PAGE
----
Large-medium man-made hill with a gradual slope. It has a long clear run to the west. Parking available. Unlit.
Address: 135 Craig Henry Drive
Loyola Park (Gloucester)
Large natural hill multi-levels. Steep and gradual slopes with long clear runoff. Street parking. Unlit.
Address: 956 Loyola Avenue
Walter Baker Park (Kanata)
Large man-made hill with a moderate slope and very long runoffs. Parking at Kanata Recreation Complex. Lit in the evenings.
Ski Hill Park (Gloucester)
Very large multi-level natural hill with gradual slopes and turns. Caution: avoid sledding close to the trees on the north-west side of the hill that is protected by hay sacks. Parking provided. Unlit.
Address: 1995 Naskapi Drive
Carlington Park (Ottawa)
Very large hill with long gradual runs. This is one of the most popular hills for sledding. It’s steep, and that guarantees the fastest runs. But if you don’t want to jump from the crest, you can do it from a middle point, which is what I did and it was super fun.
Caution: Avoid sledding on the east side of the hill. There is a playing field fence at the bottom.
Address: 937 Clyde Avenue
Green’s Creek (Gloucester)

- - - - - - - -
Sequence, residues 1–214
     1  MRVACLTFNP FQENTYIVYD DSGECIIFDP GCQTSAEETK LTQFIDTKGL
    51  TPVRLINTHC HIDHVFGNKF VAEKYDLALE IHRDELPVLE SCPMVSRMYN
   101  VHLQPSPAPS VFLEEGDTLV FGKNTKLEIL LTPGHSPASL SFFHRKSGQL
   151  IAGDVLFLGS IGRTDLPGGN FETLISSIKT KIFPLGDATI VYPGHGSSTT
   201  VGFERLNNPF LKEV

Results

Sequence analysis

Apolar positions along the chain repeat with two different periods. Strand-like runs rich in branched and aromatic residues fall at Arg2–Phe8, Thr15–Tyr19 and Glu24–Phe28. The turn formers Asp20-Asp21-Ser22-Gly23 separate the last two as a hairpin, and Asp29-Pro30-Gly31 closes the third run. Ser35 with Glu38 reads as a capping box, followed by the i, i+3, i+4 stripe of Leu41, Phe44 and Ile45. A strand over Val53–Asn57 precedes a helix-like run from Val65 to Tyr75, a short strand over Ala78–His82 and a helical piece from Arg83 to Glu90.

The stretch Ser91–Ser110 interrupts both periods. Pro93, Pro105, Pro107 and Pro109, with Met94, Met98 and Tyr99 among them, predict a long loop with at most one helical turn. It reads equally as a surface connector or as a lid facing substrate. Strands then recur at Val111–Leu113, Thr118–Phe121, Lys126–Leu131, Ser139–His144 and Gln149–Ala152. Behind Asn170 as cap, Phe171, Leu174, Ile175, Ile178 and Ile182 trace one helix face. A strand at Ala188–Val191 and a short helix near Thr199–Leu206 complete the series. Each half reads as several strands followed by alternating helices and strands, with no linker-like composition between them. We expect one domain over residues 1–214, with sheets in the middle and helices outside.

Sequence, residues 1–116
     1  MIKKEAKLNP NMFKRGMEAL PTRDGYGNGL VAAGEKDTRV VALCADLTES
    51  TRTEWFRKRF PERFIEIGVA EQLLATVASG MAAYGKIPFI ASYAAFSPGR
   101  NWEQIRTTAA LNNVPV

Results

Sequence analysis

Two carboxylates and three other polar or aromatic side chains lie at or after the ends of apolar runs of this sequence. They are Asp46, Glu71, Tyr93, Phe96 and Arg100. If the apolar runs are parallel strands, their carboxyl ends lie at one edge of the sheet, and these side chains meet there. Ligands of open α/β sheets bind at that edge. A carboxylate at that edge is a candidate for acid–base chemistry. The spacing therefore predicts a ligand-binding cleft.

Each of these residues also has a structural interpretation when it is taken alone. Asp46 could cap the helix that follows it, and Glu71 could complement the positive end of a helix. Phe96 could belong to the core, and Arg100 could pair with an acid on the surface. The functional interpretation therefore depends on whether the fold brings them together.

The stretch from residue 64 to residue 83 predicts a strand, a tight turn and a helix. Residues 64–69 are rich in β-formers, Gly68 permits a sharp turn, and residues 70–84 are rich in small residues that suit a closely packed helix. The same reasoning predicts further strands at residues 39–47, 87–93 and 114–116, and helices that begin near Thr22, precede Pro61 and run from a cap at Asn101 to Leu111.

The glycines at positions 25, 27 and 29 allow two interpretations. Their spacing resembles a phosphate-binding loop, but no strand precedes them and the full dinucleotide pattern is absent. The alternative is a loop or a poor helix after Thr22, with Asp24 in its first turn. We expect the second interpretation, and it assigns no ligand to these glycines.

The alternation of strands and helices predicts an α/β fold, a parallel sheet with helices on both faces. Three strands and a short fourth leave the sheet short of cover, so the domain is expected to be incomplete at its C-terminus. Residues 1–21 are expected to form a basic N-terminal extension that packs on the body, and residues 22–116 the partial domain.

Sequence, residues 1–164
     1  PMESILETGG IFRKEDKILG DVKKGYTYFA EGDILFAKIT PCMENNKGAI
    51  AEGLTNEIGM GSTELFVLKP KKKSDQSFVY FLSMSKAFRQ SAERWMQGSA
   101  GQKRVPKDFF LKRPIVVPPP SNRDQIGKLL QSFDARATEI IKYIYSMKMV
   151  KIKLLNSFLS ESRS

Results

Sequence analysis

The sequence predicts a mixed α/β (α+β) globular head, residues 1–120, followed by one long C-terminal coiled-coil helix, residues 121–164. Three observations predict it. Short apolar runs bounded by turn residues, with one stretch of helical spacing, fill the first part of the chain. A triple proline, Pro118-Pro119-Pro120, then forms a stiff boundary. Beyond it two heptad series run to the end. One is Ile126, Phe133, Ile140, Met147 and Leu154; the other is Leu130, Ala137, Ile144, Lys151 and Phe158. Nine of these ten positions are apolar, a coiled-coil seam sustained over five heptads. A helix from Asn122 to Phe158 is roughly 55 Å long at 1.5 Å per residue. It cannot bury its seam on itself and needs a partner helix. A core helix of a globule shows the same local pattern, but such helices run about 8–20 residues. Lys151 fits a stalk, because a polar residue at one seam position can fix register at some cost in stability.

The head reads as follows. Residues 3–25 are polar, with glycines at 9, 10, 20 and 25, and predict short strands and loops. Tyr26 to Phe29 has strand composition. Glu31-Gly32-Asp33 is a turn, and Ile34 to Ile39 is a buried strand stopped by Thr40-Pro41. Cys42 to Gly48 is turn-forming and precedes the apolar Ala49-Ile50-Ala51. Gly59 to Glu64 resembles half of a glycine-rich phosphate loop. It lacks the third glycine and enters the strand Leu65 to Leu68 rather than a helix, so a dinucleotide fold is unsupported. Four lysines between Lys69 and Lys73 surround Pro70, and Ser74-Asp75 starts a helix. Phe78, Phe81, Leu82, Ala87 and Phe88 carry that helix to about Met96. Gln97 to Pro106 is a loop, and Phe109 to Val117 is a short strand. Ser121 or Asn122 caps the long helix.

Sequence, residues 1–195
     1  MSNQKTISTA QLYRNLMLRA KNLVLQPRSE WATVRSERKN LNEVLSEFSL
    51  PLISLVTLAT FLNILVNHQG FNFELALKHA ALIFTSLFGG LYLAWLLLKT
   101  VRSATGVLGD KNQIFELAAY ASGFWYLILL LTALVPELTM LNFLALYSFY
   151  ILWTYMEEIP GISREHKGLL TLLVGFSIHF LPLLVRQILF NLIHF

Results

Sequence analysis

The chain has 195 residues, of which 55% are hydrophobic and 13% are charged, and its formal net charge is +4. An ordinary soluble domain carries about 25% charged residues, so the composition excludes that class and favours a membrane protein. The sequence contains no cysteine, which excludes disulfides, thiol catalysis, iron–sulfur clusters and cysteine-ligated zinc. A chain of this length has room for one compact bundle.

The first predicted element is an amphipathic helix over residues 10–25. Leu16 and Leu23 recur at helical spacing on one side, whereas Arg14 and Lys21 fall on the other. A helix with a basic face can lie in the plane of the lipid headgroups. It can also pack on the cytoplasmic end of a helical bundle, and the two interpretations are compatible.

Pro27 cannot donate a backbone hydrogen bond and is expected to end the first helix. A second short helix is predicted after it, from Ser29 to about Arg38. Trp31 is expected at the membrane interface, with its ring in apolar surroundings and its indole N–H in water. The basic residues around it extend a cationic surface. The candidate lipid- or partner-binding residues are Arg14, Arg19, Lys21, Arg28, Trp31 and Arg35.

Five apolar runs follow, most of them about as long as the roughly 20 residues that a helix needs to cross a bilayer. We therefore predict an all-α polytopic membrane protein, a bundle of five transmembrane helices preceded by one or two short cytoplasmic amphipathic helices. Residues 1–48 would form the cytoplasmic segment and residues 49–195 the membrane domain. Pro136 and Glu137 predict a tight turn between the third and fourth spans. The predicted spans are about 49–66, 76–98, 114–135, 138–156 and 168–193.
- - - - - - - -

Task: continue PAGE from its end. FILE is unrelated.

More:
This is also one of the most popular sledding hills in the city. It’s a very large multi-level and natural hill with a straight run clear of obstructions. Sledders usually carve jumps and turns to add some extra fun and thrills. It’s lit in the evenings and there is parking provided.
Address: 1046 St Joseph Boulevard
There is another popular sledding spot in Ottawa: Mooney’s Bay. The city of Ottawa recently prohibited sledding there because large crowds were forming and that isn’t permitted during the pandemic.
Update from 2022: As of December 27th, 2021 the hill at Mooney’s Bay is closed after the tragic death of an 11-year-old girl while tobogganing there. The city of Ottawa has reminded people that this hill is not suitable for tobogganing due to the presence of obstacles, like trees and metal signs, at the bottom.
A bonus: I recently discovered a new sledding hill that meets the conditions to call it safe. It’s in Apollo Crater Park located in Orleans. The park has the shape of a crater, so there are lots of room to go tobogganing.
I’d say it’s a medium-size hill, not very steep and there are no obstructions at the bottom. This park is also an off-leash dog park, so if you have a pet you can take it with you. You can park on the street.
Address: 600 Apollo Way
It’s better to go sledding after a good snowfall. It makes the experience super nice and smooth. On the contrary, when the snow has hardened, tumbling down the hill can hurt.
If you don’t like excessive tumbling like me, sled on straight surfaces and avoid hollows that cause jumps and hard bumps. That’s how I broke my daughter’s sled. It was hilarious though.
The best position is sitting. You’ll be more in control. If you lay on your back, the sled can turn, and you’ll be descending headfirst.
Have you gone sledding this winter? How was your experience? Do you have any recommendations? Please feel free to share. Take care.